List of a research or survey questions asked to respondents, and designed to extract specific information. It serves four basic purposes: to (1) collect the appropriate data, (2) make data comparable and amenable to analysis, (3) minimize bias in formulating and asking question, and (4) to make questions engaging and varied.

Business Dictionary, c2015. Questionnaire. [online] Available at: <http://www.businessdictionary.com/definition/questionnaire.html> [Accessed 4 October 2015]


Radio Joint Audience Research is a company set up to operate an audience measurement system for the whole UK radio industry. It serves both the BBC and licenced commercial radio stations. It is owned jointly by the BBC and the RadioCentre. It is responsible for setting the research specification, awarding the research contracts to third party suppliers, and quality control of the research. 

RAJAR Ltd (Radio Joint Audience Research) was set up in 1992 to align, design and operate a single audience measurement system for the UK radio industry serving both the BBC and licensed commercial stations.The company is jointly owned by the BBC (British Broadcasting Corporation) and by the RadioCentre (the trade body representing the vast majority of Commercial Radio stations in the UK).Whilst the Board’s focus is on strategy, governance and decisions of policy, more detailed technical research matters, and where relevant, decision-making, takes place at the meetings of a Technical Management Group (TMG). This group is made up of representatives of the BBC,commercial radio and the advertising community.

Radio Joint Audience Research, c2015. The Organisation. [online] Available at: <http://www.rajar.co.uk/content.php?page=about_organisation> [Accessed 4 October 2015]


Recce is short for reconnaissance, and is used to assess a location before filming/writing a novel/screenplay based in that location. Before deciding on a location to film, it is important to check that that location is a suitable place to film. For example, filmmakers must think about whether the location is quiet enough, whether it has a power source for powering equipment like lighting and sound equipment, the access for vehicles and equipment, and the health and safety risks that may be present.

A recce is an essential part of the preparation and research processes to meet potential contributors, assess locations and research stories.  Carry out as many recces as your budget and time will allow as this will arm you with information that you can use to plan your script and filming schedule.  You should make sure risk assessments are carried out for recce's bearing in mind that often its one person going out on their own and the hazards of driving distances and sole working come into play.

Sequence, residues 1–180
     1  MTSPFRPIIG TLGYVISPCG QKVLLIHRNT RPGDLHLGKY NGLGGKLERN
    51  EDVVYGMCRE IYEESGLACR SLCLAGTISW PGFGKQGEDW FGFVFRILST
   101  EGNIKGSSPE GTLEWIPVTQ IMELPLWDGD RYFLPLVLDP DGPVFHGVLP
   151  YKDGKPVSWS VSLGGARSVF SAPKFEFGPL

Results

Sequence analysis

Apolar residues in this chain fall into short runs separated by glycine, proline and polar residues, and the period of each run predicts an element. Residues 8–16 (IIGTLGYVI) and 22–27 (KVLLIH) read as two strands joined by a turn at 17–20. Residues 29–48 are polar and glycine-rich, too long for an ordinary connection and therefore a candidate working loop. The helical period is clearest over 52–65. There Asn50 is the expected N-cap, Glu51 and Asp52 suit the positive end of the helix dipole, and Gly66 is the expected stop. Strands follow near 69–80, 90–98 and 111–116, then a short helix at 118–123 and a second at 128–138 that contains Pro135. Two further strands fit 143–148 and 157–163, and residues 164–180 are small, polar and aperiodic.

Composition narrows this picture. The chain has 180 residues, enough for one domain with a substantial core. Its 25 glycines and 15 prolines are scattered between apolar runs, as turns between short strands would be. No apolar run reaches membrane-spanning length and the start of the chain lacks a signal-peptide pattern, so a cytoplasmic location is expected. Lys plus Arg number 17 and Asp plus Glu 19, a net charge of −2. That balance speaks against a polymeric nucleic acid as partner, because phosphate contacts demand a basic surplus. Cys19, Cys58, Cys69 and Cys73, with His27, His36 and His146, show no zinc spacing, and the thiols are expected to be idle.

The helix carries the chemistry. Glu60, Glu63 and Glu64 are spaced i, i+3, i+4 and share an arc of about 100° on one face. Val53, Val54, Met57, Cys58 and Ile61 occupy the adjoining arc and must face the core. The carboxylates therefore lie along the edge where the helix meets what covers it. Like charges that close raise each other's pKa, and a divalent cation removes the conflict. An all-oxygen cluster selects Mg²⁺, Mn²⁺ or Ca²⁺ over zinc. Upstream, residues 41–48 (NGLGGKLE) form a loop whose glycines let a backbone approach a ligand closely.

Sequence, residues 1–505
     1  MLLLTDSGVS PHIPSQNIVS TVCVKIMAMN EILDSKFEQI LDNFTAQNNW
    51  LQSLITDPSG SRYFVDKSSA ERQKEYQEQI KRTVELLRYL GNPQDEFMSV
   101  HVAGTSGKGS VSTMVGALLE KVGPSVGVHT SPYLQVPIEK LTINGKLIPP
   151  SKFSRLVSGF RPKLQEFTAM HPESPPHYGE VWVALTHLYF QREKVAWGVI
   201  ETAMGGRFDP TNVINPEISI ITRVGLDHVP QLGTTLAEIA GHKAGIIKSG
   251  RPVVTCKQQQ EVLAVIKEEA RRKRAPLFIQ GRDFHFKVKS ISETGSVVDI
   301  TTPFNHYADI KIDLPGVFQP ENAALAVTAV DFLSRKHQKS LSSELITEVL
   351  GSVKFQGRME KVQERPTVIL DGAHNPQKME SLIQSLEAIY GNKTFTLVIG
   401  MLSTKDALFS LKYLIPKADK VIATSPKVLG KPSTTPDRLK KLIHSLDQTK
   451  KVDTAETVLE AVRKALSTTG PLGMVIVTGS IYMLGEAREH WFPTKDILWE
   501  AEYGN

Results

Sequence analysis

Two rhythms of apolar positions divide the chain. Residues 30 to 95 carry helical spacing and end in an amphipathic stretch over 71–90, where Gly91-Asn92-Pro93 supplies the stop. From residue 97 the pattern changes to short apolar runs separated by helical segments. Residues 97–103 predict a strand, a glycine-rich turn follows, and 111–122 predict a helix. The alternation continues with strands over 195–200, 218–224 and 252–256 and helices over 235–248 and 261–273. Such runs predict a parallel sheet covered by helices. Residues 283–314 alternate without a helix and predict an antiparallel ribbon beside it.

Screen Hi, c2015. Why Do I Need To Recce? [online] Available at: <http://screenhi.co.uk/production/recce> [Accessed 4 October 2015]

Reference Books

A reference book is a textbook that holds specific facts and information, such as a dictionary, encyclopedia, biography, directory, handbook, and more. They can be very useful for quickly finding the information you need, though they would not be quite as detailed as using a book based solely on the topic you are researching. For example if you were researching cars, a dictionary would have a definition of what a car is, but it would not hold any more detailed information.

Reference books are designed for accessing specific facts or information and can take the form of indexes, dictionaries, encyclopedias, bibliographies, almanacs, directories, handbooks etc.

Simon Fraser University, c2015. What Are Reference Books? [online] Available at: <http://www.lib.sfu.ca/find/other-materials/reference-sources/what-are-reference-books> [Accessed 4 October 2015]

Secondary Research

Secondary research refers to the compilation of research already gathered from another source. Researchers will use previous studies, reports, and press releases to create their own report with their own conclusion.

Also known as desk research, secondary research is the most common research method employed in the industry today. It involves processing data that has already been collected by another party. With this form, researchers will consult previous studies and findings such as reports, press articles and previous market research projects in order to come to a conclusion. 

Market Research World, 2005. What is Secondary Research? [online] Available at: <http://www.marketresearchworld.net/content/view/810/> [Accessed 4 Octber 2015]


A survey is a method of gaining information from people. They can be completed in numerous ways, most commonly by using a printed questionnaire, however they can also be done over the telephone, via the mail, or in person. Every participant in a survey is asked the same questions, which are planned in advance and tailored to ensure that the exact information that is needed can be derived from the participants.

Surveys are a method of gathering information from individuals. Surveys have a variety of purposes, and can be conducted in many ways. Surveys may be conducted to gather information through a printed questionnaire, over the telephone, by mail, in person, by diskette, or on the web. This information is collected through use of standardized procedures so that every participant is asked the same questions in the same way. It involves asking people for information in some structured format. Depending on what is being analyzed, the participants being surveyed may be representing themselves, their employer, or some organization to which they belong.

HR Survey, c2015. What Is A Survey? [online] Available at: <http://www.hr-survey.com/WhatIs.htm> [Accessed 4 October 2015]

Textual Analysis

Textual analysis refers to the analysis of the content of a form of media, such as a printed article, a speech, a film, or game. It involves the analysis of both themes and symbols within the text, in order to work out the meaning behind it.

A systematic analysis of the content rather than the structure of a communication, such as a written work, speech, or film, including the study of thematic and symbolic elements to determine the objective or meaning of the communication.

The Free Dictionary, c2015. Content Analysis. [online] Available at: <http://www.thefreedictionary.com/Textual+Analysis> [Accessed 4 October 2015]